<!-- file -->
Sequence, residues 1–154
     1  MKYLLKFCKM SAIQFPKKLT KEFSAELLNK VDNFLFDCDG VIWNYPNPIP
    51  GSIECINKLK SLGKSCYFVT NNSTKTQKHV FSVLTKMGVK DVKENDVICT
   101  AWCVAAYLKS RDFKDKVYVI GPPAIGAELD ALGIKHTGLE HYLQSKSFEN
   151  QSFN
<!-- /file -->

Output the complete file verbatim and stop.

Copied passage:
Sequence, residues 1–154
     1  MKYLLKFCKM SAIQFPKKLT KEFSAELLNK VDNFLFDCDG VIWNYPNPIP
    51  GSIECINKLK SLGKSCYFVT NNSTKTQKHV FSVLTKMGVK DVKENDVICT
   101  AWCVAAYLKS RDFKDKVYVI GPPAIGAELD ALGIKHTGLE HYLQSKSFEN
   151  QSFN